Today the Workplace Gender Equality Agency can announce that Equal Pay Day falls on 4 September this year. Equal Pay Day is a symbolic day marking the additional time from the end of the previous financial year that women must work to earn the same as men.
Using Average Weekly Earnings data released by the Australian Bureau of Statistics this morning the Agency calculates the national gender pay gap to be 15.3%, a decrease of 0.9 percentage points over the previous 12-month period.
On average, men working full-time earned $1,638.30 and women earned $1,387.10 a difference of $251.20 per week.
The Agency’s resources will be updated to reflect the new data over the next few days.
The national gender pay gap is the difference between women’s and men’s average weekly full-time base salary earnings, expressed as a percentage of men’s earnings. It is a measure of women’s overall position in the paid workforce and does not compare like roles.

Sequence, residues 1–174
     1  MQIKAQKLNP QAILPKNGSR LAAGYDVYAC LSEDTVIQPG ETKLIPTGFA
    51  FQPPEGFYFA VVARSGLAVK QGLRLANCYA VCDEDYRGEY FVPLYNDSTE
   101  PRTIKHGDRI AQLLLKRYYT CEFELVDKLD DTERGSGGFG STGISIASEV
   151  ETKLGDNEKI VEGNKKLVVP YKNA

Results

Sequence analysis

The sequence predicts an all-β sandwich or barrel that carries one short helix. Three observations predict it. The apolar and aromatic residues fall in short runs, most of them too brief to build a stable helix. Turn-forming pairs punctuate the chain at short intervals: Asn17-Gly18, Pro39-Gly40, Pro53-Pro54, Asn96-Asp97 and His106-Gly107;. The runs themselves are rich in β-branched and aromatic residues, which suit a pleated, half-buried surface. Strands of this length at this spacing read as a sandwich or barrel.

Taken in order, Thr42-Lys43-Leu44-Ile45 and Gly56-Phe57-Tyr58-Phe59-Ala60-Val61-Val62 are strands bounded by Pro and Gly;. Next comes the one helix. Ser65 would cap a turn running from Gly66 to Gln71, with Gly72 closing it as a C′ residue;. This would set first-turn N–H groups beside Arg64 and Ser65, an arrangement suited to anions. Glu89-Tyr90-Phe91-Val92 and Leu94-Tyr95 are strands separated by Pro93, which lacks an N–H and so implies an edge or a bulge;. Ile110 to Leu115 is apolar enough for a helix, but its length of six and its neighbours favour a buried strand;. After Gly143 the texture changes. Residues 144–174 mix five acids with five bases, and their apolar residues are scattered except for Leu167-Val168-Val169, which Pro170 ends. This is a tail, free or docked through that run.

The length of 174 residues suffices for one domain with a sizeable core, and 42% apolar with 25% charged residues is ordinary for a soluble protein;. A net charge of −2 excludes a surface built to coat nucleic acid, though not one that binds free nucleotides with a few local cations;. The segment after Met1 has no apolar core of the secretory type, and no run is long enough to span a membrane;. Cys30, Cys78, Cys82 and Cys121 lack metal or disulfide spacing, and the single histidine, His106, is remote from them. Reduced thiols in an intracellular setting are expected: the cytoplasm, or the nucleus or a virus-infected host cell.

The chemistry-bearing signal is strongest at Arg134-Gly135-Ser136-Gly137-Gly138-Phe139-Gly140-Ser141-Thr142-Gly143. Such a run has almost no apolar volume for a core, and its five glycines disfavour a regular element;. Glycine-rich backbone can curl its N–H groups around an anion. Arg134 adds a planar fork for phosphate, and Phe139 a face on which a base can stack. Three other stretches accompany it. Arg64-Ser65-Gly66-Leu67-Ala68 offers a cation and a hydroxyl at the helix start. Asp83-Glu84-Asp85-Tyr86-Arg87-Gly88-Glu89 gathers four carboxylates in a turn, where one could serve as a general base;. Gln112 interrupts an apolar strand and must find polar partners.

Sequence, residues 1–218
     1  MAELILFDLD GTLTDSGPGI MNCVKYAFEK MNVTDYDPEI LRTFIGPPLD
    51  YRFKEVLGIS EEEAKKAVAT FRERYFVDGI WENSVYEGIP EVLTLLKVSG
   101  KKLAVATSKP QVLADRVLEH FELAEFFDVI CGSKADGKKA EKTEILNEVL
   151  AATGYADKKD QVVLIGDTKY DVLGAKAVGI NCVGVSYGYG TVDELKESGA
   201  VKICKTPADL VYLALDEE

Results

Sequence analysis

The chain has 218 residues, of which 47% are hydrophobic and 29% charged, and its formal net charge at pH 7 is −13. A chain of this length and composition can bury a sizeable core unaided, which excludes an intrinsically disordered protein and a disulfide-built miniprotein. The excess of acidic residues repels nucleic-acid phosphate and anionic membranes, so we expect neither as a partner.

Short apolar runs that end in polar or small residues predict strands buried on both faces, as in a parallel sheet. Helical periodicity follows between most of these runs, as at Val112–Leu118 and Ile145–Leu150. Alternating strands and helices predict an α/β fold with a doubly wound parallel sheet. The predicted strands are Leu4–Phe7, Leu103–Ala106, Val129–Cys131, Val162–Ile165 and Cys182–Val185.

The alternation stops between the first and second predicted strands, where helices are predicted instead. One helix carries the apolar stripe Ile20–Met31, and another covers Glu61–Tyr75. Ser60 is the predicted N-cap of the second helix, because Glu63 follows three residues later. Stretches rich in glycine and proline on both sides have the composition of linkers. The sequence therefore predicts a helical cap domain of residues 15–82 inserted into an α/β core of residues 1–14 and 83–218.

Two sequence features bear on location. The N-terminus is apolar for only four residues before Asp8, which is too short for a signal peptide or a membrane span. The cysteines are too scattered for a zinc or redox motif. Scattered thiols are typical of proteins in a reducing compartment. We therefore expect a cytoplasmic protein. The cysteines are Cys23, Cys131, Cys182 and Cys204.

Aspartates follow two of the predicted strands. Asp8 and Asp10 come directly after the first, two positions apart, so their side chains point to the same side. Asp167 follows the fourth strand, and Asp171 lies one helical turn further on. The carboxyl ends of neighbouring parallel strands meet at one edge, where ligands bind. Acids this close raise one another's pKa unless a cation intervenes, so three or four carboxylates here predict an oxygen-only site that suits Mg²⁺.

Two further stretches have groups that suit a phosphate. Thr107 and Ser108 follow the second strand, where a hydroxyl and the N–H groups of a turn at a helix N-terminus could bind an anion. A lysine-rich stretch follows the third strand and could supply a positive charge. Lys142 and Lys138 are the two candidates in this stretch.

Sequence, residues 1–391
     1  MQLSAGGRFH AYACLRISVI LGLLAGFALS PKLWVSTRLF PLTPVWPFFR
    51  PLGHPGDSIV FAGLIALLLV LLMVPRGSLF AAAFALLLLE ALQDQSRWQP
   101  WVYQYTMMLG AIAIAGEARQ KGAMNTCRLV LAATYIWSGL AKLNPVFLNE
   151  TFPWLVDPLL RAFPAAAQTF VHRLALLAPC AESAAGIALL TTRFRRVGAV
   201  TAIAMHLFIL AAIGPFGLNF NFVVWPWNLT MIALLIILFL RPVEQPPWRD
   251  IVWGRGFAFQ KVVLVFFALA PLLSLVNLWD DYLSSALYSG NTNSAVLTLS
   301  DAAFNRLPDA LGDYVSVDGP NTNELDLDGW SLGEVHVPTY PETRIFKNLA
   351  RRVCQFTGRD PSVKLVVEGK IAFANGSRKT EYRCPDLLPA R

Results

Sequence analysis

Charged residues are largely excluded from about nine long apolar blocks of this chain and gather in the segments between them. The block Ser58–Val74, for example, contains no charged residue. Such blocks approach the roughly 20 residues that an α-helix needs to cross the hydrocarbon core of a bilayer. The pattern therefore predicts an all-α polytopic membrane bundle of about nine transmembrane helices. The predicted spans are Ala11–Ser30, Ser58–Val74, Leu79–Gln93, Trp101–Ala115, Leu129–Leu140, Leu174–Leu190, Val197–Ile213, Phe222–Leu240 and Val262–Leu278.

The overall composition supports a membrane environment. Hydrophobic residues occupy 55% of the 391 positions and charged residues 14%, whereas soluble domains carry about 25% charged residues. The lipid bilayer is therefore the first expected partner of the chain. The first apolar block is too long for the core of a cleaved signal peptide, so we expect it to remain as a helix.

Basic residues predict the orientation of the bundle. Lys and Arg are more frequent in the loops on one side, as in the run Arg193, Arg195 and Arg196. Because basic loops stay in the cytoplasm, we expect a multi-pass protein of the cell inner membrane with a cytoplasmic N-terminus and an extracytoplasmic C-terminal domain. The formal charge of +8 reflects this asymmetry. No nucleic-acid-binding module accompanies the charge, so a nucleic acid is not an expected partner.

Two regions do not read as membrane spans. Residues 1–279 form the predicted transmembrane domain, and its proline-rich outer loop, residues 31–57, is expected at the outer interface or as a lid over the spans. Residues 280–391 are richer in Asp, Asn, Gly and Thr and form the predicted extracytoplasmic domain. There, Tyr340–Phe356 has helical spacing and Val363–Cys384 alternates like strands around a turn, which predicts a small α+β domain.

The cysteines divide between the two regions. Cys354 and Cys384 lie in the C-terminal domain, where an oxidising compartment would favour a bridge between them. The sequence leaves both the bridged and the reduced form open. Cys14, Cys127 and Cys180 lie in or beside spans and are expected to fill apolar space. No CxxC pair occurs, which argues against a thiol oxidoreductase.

It is influenced by a number of factors, including:
- discrimination and bias in hiring and pay decisions
- women and men working in different industries and different jobs, with female-dominated industries and jobs attracting lower wages
- women’s disproportionate share of unpaid caring and domestic work
- lack of workplace flexibility to accommodate caring and other responsibilities, especially in senior roles
- women’s greater time out of the workforce impacting career progression and opportunities.